No Child Left Behind, Core Curriculum Standards, and Statewide Assessments have demanded a higher level of rigor for even the youngest of students. Academic skills are required in defining expectations for entrance to kindergarten. Literacy skills include: knowing the shapes and sounds of 12 to 15 alphabet letters; repeating and hearing beginning and ending sounds in words; having a 5,000-word vocabulary, and speaking in complete sentences, to name a few.
Math skills involve: counting by rote to 20; recognizing numbers of objects to 10; naming and sorting shapes by color and size, among others.
There are other academics along with social skills that are expected to be mastered before kindergarten begins, such as remaining on task, following directions, and cooperating with peers (taken from Grade Level Expectations/Common Core State Standards, December 2012). With the exception of those children who have severe disabilities, most can learn these basic skills before entering school, but many do not.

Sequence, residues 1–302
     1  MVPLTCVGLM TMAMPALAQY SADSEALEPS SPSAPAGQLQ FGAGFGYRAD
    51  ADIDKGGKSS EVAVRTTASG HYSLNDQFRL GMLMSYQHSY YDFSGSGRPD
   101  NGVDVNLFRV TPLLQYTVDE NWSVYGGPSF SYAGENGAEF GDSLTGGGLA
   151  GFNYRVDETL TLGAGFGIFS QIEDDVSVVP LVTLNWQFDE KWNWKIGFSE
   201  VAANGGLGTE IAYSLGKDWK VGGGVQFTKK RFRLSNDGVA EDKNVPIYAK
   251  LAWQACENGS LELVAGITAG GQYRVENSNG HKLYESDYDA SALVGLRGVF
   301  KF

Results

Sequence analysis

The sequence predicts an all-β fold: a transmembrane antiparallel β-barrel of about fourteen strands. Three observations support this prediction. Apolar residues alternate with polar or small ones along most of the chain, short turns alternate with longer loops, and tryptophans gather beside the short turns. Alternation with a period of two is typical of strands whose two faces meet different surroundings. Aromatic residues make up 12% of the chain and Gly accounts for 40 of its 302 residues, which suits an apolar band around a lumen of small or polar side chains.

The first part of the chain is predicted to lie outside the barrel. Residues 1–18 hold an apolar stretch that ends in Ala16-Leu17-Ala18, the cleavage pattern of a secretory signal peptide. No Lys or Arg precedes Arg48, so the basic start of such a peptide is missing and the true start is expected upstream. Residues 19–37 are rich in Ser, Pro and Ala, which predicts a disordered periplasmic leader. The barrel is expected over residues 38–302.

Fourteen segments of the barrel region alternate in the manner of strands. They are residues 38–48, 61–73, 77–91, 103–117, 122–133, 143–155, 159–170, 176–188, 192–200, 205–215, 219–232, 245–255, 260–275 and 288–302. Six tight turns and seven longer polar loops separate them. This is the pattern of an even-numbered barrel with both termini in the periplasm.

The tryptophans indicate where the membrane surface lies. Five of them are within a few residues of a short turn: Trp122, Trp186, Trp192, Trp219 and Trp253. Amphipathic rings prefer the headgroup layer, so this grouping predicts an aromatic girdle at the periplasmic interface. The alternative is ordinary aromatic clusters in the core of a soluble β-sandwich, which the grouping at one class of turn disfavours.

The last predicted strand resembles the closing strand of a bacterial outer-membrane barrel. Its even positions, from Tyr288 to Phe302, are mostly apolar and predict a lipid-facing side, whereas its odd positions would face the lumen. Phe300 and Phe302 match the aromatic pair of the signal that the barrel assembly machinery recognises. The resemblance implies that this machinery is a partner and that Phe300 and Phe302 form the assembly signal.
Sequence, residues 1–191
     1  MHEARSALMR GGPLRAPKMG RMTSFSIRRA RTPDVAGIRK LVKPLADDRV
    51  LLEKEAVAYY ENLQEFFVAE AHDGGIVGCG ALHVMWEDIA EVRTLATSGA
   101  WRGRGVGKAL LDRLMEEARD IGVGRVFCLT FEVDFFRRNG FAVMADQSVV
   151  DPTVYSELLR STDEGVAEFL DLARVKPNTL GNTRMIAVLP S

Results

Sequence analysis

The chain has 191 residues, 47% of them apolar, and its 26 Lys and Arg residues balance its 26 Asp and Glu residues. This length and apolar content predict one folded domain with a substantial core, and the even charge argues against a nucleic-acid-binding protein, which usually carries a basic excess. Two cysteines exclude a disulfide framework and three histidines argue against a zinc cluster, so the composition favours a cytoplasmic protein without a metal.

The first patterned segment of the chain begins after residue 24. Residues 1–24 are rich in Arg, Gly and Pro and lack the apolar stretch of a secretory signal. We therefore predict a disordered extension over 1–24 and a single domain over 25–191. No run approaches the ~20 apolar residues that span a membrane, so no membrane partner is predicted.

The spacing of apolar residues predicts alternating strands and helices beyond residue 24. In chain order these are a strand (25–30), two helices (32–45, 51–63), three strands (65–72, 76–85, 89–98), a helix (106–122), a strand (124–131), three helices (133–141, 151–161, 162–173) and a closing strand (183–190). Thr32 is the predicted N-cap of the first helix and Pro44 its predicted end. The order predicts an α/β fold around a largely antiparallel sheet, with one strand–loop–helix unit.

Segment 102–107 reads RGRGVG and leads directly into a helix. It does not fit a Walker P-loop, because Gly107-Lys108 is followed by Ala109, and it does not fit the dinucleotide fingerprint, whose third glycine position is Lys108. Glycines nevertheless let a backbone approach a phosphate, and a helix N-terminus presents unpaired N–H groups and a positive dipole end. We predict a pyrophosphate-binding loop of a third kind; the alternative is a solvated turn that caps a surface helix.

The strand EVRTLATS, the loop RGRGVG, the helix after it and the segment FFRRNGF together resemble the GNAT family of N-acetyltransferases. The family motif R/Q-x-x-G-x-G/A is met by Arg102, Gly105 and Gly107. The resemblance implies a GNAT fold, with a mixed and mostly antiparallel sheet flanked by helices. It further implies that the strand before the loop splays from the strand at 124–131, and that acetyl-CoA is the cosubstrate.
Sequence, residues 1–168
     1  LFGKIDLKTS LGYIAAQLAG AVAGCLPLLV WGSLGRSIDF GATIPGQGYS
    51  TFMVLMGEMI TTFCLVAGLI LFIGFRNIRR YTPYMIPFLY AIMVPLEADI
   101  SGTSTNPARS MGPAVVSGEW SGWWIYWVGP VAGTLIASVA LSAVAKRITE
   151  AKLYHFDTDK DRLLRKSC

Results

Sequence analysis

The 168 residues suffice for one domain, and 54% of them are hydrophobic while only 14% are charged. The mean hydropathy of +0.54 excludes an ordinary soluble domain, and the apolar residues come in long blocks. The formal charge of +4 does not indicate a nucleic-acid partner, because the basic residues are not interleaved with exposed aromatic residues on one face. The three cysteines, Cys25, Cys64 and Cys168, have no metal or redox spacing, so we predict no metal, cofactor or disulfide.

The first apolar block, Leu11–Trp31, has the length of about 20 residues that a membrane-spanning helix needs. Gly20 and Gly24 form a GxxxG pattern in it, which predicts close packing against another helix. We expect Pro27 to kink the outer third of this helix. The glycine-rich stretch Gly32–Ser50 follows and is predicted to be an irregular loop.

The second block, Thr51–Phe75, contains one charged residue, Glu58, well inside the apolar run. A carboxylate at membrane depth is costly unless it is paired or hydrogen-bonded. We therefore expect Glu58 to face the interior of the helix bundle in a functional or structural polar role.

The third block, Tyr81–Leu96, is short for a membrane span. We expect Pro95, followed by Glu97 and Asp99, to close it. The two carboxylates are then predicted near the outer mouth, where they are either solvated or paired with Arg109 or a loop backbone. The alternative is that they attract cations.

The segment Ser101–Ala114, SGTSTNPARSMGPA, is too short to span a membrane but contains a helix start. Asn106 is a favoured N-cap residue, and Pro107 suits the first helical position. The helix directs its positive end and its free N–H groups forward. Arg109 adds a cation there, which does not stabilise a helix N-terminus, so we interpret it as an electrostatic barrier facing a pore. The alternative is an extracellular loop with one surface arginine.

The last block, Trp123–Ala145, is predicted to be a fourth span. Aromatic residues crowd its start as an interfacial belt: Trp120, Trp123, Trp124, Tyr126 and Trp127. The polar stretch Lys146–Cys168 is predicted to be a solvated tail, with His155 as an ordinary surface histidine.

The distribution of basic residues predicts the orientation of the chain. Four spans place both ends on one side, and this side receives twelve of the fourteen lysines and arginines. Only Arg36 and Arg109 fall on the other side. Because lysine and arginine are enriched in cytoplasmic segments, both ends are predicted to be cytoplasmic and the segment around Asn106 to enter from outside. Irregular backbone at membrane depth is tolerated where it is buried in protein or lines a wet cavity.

In order to learn, a student must be able to communicate through reading, writing, speaking, and receiving language. It has been stated that in the period between kindergarten through the third grade, a student learns to read, and beginning in the fourth grade a student reads to learn. Educators have the responsibility of teaching students to read early and read fluently. It is the foundation for all other skills. Therefore, it is relevant to provide as much intervention as possible to achieve this goal for each student at the primary level.
From the economic standpoint, investing in early education programming and supportive services can prevent long-term expenses in the area of Special Education. As students develop skills and self-confidence in their abilities, they become more motivated towards learning. In the future, there will be lower dropout rates, and a higher percentage of students will move on to postsecondary educational opportunities. Schools are expected to prepare our students to become productive and competent employees, having acquired the necessary skills to contribute to society. Supporting our early education programs is an investment in our future.